Thus, in most cases there are no hard and fast rules regarding which specific security measures to implement. Instead, the legal standard for security focuses on a process to identify and implement measures that are reasonable under the circumstances to achieve the desired security objectives. This requires companies to engage in an ongoing and repetitive process that is designed to assess risks, identify and implement responsive security measures, verify that they are effectively implemented, and ensure that they are continually updated in response to new developments.
What Companies Need to Do
The essence of the process-oriented approach to security compliance is
implementation of a comprehensive written security program that includes:
Asset assessment – identifying the systems and information that need to be protected
Risk assessment – conducting periodic assessments of the risks faced by the company
Security measures – developing and implementing security measures designed to manage and control the specific risks identified
Address third parties – overseeing third party service provider arrangements.
Education – implementing security awareness training and education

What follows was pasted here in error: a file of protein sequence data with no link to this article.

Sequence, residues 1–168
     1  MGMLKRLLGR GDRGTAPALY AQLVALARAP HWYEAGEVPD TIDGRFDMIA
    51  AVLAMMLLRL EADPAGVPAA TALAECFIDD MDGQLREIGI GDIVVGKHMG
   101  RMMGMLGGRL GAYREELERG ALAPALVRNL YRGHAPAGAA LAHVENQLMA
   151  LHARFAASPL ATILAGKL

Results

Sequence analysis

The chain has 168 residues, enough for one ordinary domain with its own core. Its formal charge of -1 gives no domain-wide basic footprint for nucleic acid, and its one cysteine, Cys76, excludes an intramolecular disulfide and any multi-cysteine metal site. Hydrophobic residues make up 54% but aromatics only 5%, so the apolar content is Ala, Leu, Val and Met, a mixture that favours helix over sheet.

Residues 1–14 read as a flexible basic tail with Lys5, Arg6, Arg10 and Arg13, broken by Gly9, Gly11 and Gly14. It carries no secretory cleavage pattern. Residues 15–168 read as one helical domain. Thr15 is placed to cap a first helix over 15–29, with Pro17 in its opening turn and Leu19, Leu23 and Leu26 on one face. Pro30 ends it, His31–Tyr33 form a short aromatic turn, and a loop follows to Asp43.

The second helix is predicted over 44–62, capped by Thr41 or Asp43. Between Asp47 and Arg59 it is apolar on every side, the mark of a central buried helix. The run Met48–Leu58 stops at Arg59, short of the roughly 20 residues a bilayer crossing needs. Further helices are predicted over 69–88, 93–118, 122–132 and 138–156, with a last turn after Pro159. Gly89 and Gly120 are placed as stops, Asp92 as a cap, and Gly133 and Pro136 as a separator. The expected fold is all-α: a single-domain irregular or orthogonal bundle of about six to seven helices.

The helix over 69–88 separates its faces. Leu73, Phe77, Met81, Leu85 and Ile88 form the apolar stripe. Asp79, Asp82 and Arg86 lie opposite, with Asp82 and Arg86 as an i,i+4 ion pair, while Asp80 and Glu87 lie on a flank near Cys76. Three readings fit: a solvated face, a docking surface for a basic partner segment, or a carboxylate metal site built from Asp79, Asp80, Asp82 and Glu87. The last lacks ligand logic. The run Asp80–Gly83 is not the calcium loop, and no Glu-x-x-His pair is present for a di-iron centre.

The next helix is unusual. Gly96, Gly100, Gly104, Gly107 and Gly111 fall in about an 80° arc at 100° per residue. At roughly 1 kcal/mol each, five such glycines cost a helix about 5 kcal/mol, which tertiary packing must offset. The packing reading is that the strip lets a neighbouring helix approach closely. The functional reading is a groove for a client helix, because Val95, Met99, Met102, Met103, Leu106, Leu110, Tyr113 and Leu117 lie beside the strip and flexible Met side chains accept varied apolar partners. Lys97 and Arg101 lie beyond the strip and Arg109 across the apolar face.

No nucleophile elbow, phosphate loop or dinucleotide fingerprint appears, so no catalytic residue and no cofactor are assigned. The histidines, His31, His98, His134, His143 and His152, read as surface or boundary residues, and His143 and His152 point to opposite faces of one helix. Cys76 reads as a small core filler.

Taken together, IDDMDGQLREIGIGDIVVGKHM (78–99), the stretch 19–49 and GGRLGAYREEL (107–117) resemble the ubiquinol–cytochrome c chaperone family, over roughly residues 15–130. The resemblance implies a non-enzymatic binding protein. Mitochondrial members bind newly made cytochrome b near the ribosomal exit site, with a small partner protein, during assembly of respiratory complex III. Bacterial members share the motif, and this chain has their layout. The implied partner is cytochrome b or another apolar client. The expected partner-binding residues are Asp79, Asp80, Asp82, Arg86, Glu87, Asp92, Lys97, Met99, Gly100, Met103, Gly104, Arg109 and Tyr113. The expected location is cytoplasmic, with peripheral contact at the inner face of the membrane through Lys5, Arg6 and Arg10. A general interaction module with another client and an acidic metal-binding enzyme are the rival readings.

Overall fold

Monitoring and testing – to ensure that the program is properly implemented and effective
Reviewing and adjusting – to revise the program in light of ongoing changes.
The legally-mandated process may be summarized as follows:
When addressing information security, the first step is to define the scope of the effort. What information, communications, and processes are to be protected? What information systems are involved? Where are they located. What laws potentially apply to them? As is often the case, little known but sensitive data files are found in a variety of places within the company.
Periodic Risk Assessment
Implementing a comprehensive security program to protect these assets
requires a thorough assessment of the potential risks to the organization’s information systems and data.62 This involves identifying all reasonably foreseeable internal and external threats to the information assets to be protected.63 Threats should be considered in each area of relevant operation, including information systems, network and software
See, e.g., HIPAA Security Regulations, 45 C.F.R. Section 164.308(a)(1)(ii)(A).
63 See, e.g., Microsoft Consent Decree at II, p. 4; Ziff Davis Assurance of Discontinuance, Para. 25(b), p. 5; Eli Lilly Decision at II.B; GLB Security Regulations, 12 C.F.R. Part 30, Appendix B, Part III.B(1)